Interest in food and equitable food systems has been bubbling up for a while among graduate students at Yale. Enter Tagan Engel, the newest Resident Fellow at the Yale Center for Business and the Environment (CBEY). Engel has over 25 years of experience in reshaping local and regional food systems, developing digital communications, inspiring community engagement and innovating beyond traditional business models. And she’s excited to share what she’s learned with Yale students who are looking at pathways where people, food, justice, business, and the environment intersect.
“Tagan brings a unique set of expertise, experience and connections to our work at the CBEY. Her areas of work in food are particularly critical at this time due to the rising student interest and immediate need for more support at the Center,” says Stuart DeCew, Executive Director of CBEY.
DeCew continues, “Tagan is a recognized and respected regional and national leader on food systems but more importantly, someone who has a deep love, profound respect and critical understanding of food systems and the community of New Haven.”
For nearly 10 years, Engel was a chef and food entrepreneur in New York City and Boston where she learned the ins and outs of the industry that went far beyond farm-to-table cooking and into workers’ rights, food procurement, sustainability in practice, and power dynamics in kitchens. Over the course of her career in food, she also developed an interest in and understanding of cooperative business models.
When she and her young family were ready to come back to her hometown of New Haven, CT in 2006, Engel was intentional about the next phase of her work. She merged her love of food and her dedication to social justice and began her path centering on community-based food justice in New Haven. Her leadership in the Elm City can be felt through her service on the New Haven Food Policy Council, where she helped build a diverse coalition of community food experts, spearheaded the creation of the first New Haven food policy plan and the Food Systems Policy Director position in City government. She also developed and managed a wide number of community-driven programs on food access, urban agriculture, farm-to-institution, and entrepreneurship during her time as the Community Food Systems Coordinator at CitySeed.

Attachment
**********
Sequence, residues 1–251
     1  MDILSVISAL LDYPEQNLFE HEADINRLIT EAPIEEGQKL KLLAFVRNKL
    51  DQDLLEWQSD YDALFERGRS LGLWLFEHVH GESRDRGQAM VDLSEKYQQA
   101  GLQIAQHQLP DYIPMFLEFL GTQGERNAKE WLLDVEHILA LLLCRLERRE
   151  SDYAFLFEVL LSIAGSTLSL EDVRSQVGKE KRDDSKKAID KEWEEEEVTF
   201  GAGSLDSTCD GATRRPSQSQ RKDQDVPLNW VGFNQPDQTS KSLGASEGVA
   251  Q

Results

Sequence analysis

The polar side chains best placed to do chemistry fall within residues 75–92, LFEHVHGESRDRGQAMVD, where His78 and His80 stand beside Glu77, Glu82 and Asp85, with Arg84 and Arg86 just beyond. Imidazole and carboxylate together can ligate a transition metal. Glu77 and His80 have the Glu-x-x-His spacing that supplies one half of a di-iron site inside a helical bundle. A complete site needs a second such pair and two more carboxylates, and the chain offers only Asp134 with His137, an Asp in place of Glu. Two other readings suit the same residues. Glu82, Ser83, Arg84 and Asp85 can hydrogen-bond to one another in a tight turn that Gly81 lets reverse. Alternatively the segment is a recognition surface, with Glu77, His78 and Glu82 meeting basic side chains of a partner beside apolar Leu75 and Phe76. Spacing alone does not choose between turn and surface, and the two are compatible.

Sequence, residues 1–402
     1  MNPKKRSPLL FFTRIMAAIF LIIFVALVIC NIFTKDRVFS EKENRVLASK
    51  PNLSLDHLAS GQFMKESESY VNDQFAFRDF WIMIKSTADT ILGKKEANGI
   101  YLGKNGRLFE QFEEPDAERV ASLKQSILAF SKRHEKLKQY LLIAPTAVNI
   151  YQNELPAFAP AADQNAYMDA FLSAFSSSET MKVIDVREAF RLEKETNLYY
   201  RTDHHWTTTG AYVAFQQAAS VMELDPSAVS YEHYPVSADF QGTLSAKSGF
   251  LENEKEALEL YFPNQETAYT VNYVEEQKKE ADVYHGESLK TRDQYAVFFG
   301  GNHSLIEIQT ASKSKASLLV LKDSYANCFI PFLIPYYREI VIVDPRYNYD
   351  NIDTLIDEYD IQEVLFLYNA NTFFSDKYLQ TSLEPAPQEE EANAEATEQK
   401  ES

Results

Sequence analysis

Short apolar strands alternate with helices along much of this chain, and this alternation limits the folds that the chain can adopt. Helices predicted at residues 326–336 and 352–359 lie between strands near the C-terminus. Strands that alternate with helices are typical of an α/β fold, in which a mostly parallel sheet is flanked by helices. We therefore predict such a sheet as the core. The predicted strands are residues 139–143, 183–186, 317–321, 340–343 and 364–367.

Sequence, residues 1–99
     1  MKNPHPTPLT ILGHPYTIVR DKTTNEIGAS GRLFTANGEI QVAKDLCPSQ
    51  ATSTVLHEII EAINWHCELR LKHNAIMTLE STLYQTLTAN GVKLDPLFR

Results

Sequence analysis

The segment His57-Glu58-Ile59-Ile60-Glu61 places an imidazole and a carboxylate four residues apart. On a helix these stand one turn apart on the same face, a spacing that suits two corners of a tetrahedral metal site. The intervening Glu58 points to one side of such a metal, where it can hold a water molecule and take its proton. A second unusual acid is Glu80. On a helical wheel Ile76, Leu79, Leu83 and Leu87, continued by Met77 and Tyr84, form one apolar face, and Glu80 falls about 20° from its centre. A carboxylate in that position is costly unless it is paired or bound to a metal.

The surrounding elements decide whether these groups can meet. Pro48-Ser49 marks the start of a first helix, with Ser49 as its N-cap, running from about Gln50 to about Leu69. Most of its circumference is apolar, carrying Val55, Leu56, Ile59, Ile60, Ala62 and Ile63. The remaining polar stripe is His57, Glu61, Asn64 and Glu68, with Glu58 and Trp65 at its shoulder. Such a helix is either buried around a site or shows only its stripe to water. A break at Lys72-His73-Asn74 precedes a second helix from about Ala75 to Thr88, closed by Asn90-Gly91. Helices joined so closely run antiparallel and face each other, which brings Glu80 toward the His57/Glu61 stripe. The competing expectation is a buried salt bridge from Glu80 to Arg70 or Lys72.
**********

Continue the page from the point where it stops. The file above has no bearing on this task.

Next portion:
Through these roles, Engel learned the value of placing relationship building at the center of every experience, and the importance of hearing stories directly from people affected by injustices. She believes that these are foundational to effectively address the harms of systemic racism and the exploitation of capitalism.
Her desire to uplift inspirational stories of food, radical love, antiracism, and social justice led her to create her podcast The Table Underground. Guests share their stories and experiences in their own voices, using food as an entry point into deeper issues such as reparations, undoing white supremacy, honoring cultural heritage, environmental justice and regenerative agriculture.
Within the Yale community, Engel has centered her work on sustainability and worker-led/cooperative models in food entrepreneurship with Tsai CITY, the Yale Landscape Lab, and the New Haven-based Collab. As a Resident Fellow at CBEY, Engel is launching the new discussion group Power & Race in Community, Business, and the Environment. Here, graduate students will dig into real-world challenges and examples of liberatory practices in businesses, organizations, and communities.
“I am excited for the opportunity this fellowship provides to create a platform for community experts from New Haven and beyond, to prioritize their stories, challenges, and joys as core to understanding the solutions needed within food systems, environmental justice, and equitable businesses,” says Engel. “Through the discussion series and my office hours, I also hope to create a space for students to dig into cross sector conversations and outside of mainstream thinking, to inspire more active listening and a consciousness of their own power and privilege, whatever their background, and how they choose to use it in work and life. For me, as a white person engaged in social justice work, this is crucial.”
You can read more about Tagan Engel and connect with her for office hours or a remote coffee chat here.